Great - this list is exactly what I was after.
However... furthermore, would anyone be able to assit me in determining if all the remaining fonts on my mac, are legal to use for commercial use?
For instance I have a range of fonts that I have obtained or downloaded from I don't know where. My company's primary font is Helvetica which I have on my mac with a variety of weights, but it does not come with Creative Suite Standard. Is there anyway I can check the licence of this font, or find the source? I'm sure I got it from a design agency when I was a student, still unsure if this is legal.
I find font licensing a grey area, I used to intern for a company that downloaded from dafont and then outlined them. Which doesn't strike me as legal!
Helvetica is often installed as a printer font, though you might or might not have received a disk with the printer that would have allowed you to install it on your system as well (Xerox, for example, used to provide a disk, but doesn't seem to any longer). Typically fonts installed on printers are older or abbreviated versions. Helvetica was also installed as a system font on Macs, I think, for many years, but has been replaced with the Helvetica.dfont. A legitiamte copy of helvetica would certainly be licensed for commercial use.
There's a broader question here, though, and I'm impressed that you take it seriously. Most fonts that require payment are licensed for either a single user or a limited number of users within a single organization (Adobe fonts, for example, typically have a five-user license). It is not permissible for you to transfer the font to someone outside the organization, anymore than it is permissible for you to share your license for InDesign with your cousin in another state. In the real world you'll probably never get nicked for using a font that isn't properly licensed, but if you want to keep your conscience clear you should save up your money and re-purchase your own licenses for commercial fonts (that don't come for free with your various applications) as you find you need them, and download your free font licenses to see what they say.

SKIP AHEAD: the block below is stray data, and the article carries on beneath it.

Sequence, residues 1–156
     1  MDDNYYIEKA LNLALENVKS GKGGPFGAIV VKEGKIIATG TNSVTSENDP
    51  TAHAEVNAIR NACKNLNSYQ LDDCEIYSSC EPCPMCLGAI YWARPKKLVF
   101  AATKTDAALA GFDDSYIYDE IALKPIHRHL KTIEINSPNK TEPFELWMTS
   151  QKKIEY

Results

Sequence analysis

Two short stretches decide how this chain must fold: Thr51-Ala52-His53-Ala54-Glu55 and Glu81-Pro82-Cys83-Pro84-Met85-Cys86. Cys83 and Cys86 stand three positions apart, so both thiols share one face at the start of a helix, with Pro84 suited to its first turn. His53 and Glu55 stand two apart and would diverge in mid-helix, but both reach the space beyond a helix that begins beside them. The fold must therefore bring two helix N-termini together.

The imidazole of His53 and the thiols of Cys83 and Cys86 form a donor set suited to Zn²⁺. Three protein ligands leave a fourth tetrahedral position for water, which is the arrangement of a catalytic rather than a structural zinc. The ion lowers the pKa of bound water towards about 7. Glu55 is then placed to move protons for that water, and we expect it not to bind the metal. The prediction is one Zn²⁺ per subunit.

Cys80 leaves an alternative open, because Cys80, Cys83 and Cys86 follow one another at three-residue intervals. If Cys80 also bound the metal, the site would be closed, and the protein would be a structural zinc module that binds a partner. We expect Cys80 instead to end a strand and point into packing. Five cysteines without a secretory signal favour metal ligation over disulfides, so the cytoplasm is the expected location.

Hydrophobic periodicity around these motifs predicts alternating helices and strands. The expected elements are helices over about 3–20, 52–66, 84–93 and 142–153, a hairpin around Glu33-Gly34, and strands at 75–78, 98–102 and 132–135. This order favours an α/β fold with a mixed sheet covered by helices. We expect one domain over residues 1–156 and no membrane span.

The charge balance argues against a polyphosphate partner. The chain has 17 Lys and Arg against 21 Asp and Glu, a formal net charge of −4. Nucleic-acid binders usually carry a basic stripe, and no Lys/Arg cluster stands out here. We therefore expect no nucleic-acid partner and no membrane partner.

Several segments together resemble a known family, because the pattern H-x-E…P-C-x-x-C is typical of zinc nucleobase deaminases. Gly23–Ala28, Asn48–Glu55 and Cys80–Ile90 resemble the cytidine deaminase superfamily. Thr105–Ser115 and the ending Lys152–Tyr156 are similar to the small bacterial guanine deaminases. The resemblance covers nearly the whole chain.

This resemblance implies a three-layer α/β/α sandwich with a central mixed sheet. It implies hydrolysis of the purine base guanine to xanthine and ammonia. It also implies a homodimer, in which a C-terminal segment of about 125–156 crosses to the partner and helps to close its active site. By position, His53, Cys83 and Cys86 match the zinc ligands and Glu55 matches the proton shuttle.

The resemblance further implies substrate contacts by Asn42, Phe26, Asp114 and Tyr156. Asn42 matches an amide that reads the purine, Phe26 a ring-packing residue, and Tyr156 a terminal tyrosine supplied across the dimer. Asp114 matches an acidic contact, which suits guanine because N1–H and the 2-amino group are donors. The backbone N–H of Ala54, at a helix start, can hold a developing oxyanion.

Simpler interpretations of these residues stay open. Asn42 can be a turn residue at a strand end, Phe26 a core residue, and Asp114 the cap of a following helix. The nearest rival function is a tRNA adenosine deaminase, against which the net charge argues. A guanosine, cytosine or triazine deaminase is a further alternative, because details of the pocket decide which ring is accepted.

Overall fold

Personally, I avoid the free font sites. While there are some very good free fonts, many of the so-called free fonts are in fact pirated commercial products, others are badly made amateur products that will crash InDesign, and many more are free only for personal use (though some can be licensed for a fee to use commercially -- but it can be a real slog to find them).
In addition to Peter's comments, which are dead on, if you're looking
for high quality fonts and want free, check out Google's web fonts.
As the name implies, these were originally distributed for use on
websites, but they're open source and very much free to use for print
and other electronic distribution.
Thank you so much for your advice with this, I already feel that I understand font licensing much better. I have several fonts on my system that I have 'taken' from friendly design agencies helping me out when I was a student. I knew in the back of my mind that I was not permissible to use them, but also as I knew that they had been purchased at some point therefore became a little confused.
And what do you know, I asked my line manager if we could purchase Helvetica and it was sitting on the server ready. Couldn't see the wood for the trees.
I will sleep easy tonight.